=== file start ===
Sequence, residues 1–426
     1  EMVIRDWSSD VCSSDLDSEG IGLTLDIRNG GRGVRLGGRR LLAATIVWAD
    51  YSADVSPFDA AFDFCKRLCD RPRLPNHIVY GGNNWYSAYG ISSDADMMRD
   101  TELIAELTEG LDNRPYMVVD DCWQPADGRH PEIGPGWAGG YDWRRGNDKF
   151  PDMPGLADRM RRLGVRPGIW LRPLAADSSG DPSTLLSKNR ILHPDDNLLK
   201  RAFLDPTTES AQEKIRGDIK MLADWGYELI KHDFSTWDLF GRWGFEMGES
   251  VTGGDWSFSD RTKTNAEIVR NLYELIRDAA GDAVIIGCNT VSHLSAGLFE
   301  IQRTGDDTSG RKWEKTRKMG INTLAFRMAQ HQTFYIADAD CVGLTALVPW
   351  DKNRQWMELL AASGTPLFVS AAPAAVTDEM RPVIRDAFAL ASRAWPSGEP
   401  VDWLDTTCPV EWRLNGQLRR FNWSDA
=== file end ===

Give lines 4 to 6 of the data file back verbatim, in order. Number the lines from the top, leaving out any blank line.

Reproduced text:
   101  TELIAELTEG LDNRPYMVVD DCWQPADGRH PEIGPGWAGG YDWRRGNDKF
   151  PDMPGLADRM RRLGVRPGIW LRPLAADSSG DPSTLLSKNR ILHPDDNLLK
   201  RAFLDPTTES AQEKIRGDIK MLADWGYELI KHDFSTWDLF GRWGFEMGES